where the \( {\displaystyle P_{\alpha \beta \gamma ,\lambda \mu \nu }=2\epsilon _{\alpha \beta \lambda \mu }\eta _{\gamma \nu }+\epsilon _{\alpha \gamma \lambda \mu }\eta _{\beta \nu }-\epsilon _{\beta \gamma \lambda \mu }\eta _{\alpha \nu }} \) is Young symmetrizer of such SO(2) theory.

For solutions of the massive theory in arbitrary N-D, i.e., Curtright field \( {\displaystyle T_{[\lambda _{1}\lambda _{2}...\lambda _{N-3}]\mu }} \), the symmetrizer becomes that of SO(N-2).[9]
Dual graviton coupling with BF theory

Dual gravitons have interaction with topological BF model in D = 5 through the following Lagrangian action[7]

\( {\displaystyle S_{\rm {L}}=\int d^{5}x({\cal {L}}_{\rm {dual}}+{\cal {L}}_{\rm {BF}}).} \)


\( {\displaystyle {\cal {L}}_{\rm {BF}}=Tr[\mathbf {B} \wedge \mathbf {F} ]} \)

Here, F\( {\displaystyle \mathbf {F} \equiv d\mathbf {A} \sim R_{ab}} \) is the curvature form, and \( {\displaystyle \mathbf {B} \equiv e^{a}\wedge e^{b}} \) is the background field.

In principle, it should similarly be coupled to a BF model of gravity as the linearized Einstein–Hilbert action in D > 4:

\( {\displaystyle S_{\rm {BF}}=\int d^{5}x{\cal {L}}_{\rm {BF}}\sim S_{\rm {EH}}={1 \over 2}\int \mathrm {d} ^{5}xR{\sqrt {-g}}.} \)

where \( g=\det(g_{\mu \nu }) \) is the determinant of the metric tensor matrix, and R is the Ricci scalar.
Dual gravitoelectromagnetism

In similar manner while we define gravitomagnetic and gravitoelectic for the graviton, we can define electric and magnetic fields for the dual graviton.[17] There are the following relation between the gravitoelectic field \( {\displaystyle E_{ab}[h_{ab}]} \) and gravitomagnetic field \( {\displaystyle B_{ab}[h_{ab}]} \) of the graviton \( h_{{ab}} \) and the gravitoelectic field\( {\displaystyle E_{ab}[T_{abc}]} \) and gravitomagnetic field \( {\displaystyle B_{ab}[T_{abc}]} \) of the dual graviton \({\displaystyle T_{abc}} \):[18][15]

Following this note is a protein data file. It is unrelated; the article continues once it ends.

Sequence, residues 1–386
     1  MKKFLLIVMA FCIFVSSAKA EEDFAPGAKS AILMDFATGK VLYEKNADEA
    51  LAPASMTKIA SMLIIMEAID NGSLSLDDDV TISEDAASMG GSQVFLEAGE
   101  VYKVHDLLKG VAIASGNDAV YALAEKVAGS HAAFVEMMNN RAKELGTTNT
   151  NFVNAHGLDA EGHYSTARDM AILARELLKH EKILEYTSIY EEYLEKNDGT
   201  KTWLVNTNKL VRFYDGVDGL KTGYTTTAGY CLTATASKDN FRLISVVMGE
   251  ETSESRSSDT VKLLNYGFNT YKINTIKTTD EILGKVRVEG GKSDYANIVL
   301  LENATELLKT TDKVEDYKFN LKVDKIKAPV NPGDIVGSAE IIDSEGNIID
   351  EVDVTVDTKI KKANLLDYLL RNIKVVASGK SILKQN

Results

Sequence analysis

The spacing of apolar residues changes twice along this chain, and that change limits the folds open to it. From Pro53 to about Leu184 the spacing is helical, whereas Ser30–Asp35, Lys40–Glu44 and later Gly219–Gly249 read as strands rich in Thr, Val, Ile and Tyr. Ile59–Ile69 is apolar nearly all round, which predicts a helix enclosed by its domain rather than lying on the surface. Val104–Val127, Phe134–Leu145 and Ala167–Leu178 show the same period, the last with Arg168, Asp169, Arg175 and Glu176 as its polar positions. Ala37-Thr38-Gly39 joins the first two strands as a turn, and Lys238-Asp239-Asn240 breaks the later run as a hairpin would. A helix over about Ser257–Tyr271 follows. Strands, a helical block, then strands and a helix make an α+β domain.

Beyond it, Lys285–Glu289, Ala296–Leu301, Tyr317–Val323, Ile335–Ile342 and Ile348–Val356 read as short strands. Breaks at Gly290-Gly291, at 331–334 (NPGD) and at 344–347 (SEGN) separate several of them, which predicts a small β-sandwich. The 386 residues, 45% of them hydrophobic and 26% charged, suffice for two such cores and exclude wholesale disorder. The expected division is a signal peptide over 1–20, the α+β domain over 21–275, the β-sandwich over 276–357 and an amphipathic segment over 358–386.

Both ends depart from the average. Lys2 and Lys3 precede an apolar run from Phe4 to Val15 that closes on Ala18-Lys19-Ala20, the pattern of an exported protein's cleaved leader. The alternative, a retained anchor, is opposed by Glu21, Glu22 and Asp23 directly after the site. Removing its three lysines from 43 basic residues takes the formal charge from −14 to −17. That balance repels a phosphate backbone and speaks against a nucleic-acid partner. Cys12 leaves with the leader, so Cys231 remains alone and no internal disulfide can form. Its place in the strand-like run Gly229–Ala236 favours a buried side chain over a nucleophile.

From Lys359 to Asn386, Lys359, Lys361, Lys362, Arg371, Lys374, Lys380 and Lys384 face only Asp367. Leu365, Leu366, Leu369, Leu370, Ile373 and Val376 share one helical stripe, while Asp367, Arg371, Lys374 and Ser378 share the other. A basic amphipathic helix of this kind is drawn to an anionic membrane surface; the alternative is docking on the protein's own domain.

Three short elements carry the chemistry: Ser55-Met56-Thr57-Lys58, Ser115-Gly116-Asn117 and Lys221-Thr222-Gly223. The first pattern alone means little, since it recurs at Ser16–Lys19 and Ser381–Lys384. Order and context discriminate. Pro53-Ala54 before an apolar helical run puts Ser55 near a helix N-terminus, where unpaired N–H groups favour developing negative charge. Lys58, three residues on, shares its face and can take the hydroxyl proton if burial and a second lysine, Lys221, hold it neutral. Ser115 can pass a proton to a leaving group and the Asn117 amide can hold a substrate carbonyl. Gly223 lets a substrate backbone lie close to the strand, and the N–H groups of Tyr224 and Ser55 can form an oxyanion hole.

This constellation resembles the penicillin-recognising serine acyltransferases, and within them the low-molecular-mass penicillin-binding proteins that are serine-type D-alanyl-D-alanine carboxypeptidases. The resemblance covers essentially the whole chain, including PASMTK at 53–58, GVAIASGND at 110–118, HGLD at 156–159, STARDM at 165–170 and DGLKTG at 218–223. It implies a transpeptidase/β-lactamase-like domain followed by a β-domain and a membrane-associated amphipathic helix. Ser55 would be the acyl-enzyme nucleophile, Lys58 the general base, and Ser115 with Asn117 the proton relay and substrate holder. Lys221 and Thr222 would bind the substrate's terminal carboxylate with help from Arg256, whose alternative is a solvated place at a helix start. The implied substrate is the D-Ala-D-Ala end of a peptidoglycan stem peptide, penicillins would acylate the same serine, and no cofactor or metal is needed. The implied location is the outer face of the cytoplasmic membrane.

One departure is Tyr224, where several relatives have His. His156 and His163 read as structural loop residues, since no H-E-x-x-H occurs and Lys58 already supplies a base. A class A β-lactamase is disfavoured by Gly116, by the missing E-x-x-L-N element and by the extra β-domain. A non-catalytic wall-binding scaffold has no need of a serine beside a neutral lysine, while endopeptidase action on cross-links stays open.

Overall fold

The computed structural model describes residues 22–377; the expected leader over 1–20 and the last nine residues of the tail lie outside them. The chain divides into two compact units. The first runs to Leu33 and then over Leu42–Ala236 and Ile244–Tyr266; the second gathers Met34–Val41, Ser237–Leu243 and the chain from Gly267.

\( {\displaystyle B_{ab}[T_{abc}]=E_{ab}[h_{ab}]} \)
\( {\displaystyle E_{ab}[T_{abc}]=-B_{ab}[h_{ab}]} \)

and scalar curvature R with dual scalar curvature E:[18]

\( {\displaystyle E=\star R} \)
\( {\displaystyle R=-\star E} \)

where \( \star \) denotes the Hodge dual.
Dual graviton in conformal gravity

The free (4,0) conformal gravity in D = 6 is defined as

\( {\displaystyle {\mathcal {S}}=\int \mathrm {d} ^{6}x{\sqrt {-g}}C_{ABCD}C^{ABCD},} \)

where \( {\displaystyle C_{ABCD}} \) is the Weyl tensor in D = 6. The free (4,0) conformal gravity can be reduced to the graviton in the ordinary space, and the dual graviton in the dual space in D = 4.[19]

It is easy to notice the similarity between the Lanczos tensor, that generates the Weyl tensor in geometric theories of gravity, and Curtright tensor, particularly their shared symmetry properties of the linearized spin connection in Einstein's theory. However, Lanczos tensor is a tensor of geometry in D=4,[20] meanwhile Curtright tensor is a field tensor in arbitrary dimensions.
See also

Curtright field
Taub–NUT space
Kaluza-Klein monopole
Nielsen-Olesen vortex
't Hooft loop
Dual photon
Massive gravity
Horndeski's theory